An asylum seeker who entered South Africa illegally and failed to apply without delay is still entitled to apply for asylum under the Refugees Act.
The Constitutional Court made this finding on Thursday as it set aside a Supreme Court of Appeal judgment from 2017 that would have meant the deportation of former Rwandan intelligence services agent Alex Ruta.
Ruta arrived illegally in December 2014 after being instructed by his superior in Rwanda to travel to South Africa and engage with the Rwanda National Congress (RNC)‚ an exiled opposition party.
Ruta had a change of heart about completing the assignment – killing members of the exiled party – and in February 2015 approached the Hawks for help.
He was placed in a witness protection programme but did not apply for asylum.
Ruta was arrested in March 2016 for being in possession of a fraudulent asylum-seeker permit and for traffic violations. The department of home affairs sought to deport him to Rwanda‚ after he served his sentence for being in possession of the fake permit.
But Ruta believed that he should be given a chance to apply for asylum and the high court in Pretoria granted him this right.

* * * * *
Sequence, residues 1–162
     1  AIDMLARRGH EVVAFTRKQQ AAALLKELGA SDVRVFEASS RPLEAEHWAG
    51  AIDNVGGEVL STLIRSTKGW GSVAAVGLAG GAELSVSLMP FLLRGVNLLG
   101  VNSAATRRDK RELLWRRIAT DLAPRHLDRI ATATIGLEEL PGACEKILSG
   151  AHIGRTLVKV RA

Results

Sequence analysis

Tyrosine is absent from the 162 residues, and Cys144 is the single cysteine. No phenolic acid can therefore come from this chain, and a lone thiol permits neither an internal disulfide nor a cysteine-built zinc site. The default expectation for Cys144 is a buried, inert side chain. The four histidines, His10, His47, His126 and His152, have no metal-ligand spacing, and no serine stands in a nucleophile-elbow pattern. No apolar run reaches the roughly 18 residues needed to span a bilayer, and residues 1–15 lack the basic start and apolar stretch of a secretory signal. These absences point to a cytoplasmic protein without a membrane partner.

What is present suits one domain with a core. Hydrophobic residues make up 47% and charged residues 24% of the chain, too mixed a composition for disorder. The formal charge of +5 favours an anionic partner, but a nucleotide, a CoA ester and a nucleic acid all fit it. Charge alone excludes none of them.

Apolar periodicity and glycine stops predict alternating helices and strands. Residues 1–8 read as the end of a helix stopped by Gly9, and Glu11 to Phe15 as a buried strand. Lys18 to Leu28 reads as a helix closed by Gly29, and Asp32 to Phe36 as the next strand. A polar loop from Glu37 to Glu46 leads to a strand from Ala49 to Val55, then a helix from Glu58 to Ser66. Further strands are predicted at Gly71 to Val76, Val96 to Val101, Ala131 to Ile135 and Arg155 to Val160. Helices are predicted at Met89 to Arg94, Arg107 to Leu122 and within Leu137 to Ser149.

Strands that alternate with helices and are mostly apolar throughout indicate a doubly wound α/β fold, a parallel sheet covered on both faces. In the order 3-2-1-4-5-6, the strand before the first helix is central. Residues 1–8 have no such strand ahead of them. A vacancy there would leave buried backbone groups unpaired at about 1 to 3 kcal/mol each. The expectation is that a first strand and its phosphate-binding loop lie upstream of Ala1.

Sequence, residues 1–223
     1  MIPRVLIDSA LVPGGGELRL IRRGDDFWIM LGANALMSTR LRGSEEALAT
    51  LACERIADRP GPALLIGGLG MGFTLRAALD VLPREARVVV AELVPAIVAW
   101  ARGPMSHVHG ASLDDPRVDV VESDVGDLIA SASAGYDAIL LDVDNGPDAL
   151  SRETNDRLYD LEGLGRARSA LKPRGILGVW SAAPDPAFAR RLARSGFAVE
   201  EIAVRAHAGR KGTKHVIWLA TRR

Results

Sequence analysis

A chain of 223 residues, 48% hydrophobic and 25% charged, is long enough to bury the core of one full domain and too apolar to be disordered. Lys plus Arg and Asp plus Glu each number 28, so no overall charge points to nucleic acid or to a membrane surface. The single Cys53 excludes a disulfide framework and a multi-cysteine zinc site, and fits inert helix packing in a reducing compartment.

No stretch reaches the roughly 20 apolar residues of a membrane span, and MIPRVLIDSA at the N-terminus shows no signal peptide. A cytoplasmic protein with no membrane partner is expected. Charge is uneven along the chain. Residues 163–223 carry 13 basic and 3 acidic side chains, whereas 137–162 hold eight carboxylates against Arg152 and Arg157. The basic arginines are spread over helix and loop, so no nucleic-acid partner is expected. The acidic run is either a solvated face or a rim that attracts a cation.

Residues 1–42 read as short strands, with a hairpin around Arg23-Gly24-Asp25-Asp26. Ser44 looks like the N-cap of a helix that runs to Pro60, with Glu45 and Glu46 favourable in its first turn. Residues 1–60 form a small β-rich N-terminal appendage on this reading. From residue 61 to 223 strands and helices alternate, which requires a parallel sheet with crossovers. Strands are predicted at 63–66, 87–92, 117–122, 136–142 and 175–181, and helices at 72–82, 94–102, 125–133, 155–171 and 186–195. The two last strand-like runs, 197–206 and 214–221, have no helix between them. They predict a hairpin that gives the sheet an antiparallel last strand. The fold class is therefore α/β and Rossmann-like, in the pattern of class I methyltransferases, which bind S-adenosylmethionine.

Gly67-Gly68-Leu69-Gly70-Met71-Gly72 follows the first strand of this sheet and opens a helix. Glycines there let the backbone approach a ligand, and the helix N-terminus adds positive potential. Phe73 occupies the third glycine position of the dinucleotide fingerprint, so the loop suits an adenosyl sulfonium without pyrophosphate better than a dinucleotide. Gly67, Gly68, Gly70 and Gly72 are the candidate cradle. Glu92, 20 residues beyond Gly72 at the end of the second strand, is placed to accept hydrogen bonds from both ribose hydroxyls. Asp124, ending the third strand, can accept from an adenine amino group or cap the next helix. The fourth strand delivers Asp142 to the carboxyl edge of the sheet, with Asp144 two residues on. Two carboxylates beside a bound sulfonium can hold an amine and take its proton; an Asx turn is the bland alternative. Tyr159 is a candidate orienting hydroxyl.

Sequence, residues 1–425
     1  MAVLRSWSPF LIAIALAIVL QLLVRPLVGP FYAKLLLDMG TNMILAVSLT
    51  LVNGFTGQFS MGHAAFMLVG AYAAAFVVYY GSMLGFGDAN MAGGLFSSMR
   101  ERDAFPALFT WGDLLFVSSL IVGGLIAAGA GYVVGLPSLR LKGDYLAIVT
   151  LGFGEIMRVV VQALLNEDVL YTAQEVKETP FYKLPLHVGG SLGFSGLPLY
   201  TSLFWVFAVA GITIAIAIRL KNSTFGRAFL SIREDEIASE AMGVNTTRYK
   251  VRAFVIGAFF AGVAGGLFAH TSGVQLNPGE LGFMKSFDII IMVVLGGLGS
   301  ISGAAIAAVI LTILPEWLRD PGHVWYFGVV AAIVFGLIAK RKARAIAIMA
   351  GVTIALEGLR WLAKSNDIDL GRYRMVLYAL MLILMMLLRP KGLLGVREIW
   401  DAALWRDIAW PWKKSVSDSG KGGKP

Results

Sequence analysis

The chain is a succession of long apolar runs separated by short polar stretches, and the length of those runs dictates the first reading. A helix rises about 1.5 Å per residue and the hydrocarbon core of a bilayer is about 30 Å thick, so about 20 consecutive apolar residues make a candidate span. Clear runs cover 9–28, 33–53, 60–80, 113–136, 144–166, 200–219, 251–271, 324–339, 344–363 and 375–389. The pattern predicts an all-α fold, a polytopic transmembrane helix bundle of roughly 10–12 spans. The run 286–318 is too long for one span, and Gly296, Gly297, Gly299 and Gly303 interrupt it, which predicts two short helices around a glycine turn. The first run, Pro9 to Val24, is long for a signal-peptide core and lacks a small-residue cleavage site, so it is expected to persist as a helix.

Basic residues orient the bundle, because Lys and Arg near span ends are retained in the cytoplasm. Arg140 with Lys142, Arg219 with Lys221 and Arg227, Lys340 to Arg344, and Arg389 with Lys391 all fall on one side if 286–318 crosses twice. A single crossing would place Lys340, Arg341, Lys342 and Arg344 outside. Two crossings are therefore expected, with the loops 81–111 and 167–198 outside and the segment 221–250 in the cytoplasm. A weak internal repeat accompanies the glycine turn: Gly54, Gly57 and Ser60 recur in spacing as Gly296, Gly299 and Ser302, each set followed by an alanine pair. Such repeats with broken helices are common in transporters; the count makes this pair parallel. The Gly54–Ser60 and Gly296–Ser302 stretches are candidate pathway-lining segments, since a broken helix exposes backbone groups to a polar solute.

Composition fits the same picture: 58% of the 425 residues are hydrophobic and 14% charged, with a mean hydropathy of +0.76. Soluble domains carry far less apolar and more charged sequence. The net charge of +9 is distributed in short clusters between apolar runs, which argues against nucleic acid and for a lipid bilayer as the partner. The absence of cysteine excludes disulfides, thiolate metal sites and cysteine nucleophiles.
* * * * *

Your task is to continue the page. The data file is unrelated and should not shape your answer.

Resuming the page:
However‚ the Supreme Court of Appeal ruled in a 4-1 judgment that Ruta had contravened the Refugees Act by failing to apply for asylum timeously and without delay.
The question that the Constitutional Court had to deal with was whether a person who claimed to be a refugee and expressed an intention to apply for asylum should be permitted to apply under the Refugees Act or be dealt with as an illegal foreigner under the Immigration Act.
In this week’s unanimous judgment‚ judge Edwin Cameron said the Refugees Act was clear: delay in itself did not disqualify an asylum application.
Cameron said while the Immigration Act determined if an “illegal foreigner” was liable to deportation‚ the Refugees Act was the applicable law to determine who may seek asylum and who was entitled to refugee status.